As a group of us discussed presidential politics, a friend visiting from Africa casually said, “Racism has been a part of America from the start, but people were just afraid to speak out because it was politically incorrect. Donald Trump is simply voicing the opinions of the people who have been silent.”
Racism is just one part of a larger group of prejudice, one that includes sexism, classism, homophobia, and virtually anything that marginalizes whomever is seen by some as “the weaker link” of society. Trump has exposed this larger thread which lines American culture.
It’s all out in the open now, isn’t it? The underbelly is exposed, and people are lining up from both political parties to call him out on “ism” issues that will never take him down – that only bolster him among the audience who believes as he does and is ready to vote. The signs are flagrant now, literally, as I saw on the store just down the road from me last night.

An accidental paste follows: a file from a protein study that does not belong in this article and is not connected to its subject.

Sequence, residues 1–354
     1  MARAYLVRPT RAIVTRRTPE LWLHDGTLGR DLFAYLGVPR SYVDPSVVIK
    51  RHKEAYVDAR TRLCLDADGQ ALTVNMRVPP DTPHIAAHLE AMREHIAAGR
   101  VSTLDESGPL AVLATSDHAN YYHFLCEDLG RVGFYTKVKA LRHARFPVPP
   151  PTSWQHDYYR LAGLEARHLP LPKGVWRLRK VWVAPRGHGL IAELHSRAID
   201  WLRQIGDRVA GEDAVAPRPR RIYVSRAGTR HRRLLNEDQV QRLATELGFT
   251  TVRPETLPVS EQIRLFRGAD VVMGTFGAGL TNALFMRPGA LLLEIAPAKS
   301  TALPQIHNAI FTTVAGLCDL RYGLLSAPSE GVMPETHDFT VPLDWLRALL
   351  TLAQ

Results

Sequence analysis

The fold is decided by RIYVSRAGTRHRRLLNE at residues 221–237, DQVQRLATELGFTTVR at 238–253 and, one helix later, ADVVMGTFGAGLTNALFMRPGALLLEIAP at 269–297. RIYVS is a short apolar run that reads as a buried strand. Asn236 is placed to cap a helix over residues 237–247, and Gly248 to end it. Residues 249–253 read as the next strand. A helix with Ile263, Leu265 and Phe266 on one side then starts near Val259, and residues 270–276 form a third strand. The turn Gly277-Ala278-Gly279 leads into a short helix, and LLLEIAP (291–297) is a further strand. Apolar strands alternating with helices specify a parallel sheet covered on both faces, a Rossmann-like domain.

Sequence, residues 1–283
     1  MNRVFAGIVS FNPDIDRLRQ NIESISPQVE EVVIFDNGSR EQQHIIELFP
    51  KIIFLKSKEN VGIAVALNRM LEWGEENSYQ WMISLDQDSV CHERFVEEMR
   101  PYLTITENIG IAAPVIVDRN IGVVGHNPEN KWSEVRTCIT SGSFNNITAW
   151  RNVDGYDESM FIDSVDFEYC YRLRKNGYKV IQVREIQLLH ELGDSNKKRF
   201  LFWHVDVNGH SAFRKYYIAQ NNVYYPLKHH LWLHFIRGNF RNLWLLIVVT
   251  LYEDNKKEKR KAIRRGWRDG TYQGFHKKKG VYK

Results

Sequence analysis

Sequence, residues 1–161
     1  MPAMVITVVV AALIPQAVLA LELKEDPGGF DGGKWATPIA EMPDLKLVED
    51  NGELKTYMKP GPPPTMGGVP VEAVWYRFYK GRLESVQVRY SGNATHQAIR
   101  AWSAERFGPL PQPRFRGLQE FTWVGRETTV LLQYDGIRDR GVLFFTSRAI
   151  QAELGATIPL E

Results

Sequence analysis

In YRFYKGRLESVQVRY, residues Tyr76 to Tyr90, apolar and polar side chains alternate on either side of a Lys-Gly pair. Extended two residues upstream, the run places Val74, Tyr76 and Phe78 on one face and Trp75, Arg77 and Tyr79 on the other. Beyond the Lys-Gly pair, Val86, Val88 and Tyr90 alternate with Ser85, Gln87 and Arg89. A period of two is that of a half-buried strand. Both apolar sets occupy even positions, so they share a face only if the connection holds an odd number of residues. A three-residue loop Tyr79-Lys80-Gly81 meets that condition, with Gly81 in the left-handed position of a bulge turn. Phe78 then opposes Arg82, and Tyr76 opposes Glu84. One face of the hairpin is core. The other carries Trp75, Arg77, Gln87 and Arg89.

“Trump that B*TCH!” said the sign on Lewis Country Store last night. On Sundays, this sign proudly proclaims that they are closed on Sunday, and reminds people to go to church.
With Hillary Clinton now the presumptive nominee, we are sure to see the threads of sexism raised to the surface, where it has been denied almost as vehemently as climate change among some. “Quiet” sexism is very much present in the US, in the home, in the workplace, in the church and civil society. When salary surveys expose this reality, they move faster out of the headlines than one of Trump’s tweets.
So, what can these raised threads do for us? They can be quietly tucked back into the garment of society, or perhaps they can be cut off without unraveling the whole. Who knows? Audre Lorde’s words can guide us:
“For the master’s tools will never dismantle the master’s house. They may allow us to temporarily beat him at his own game, but they will never enable us to bring about genuine change. Racism and homophobia are real conditions of all our lives in this place and time. I urge each one of us here to reach down into that deep place of knowledge inside herself and touch that terror and loathing of any difference that lives here. See whose face it wears. Then the personal as the political can begin to illuminate all our choices.”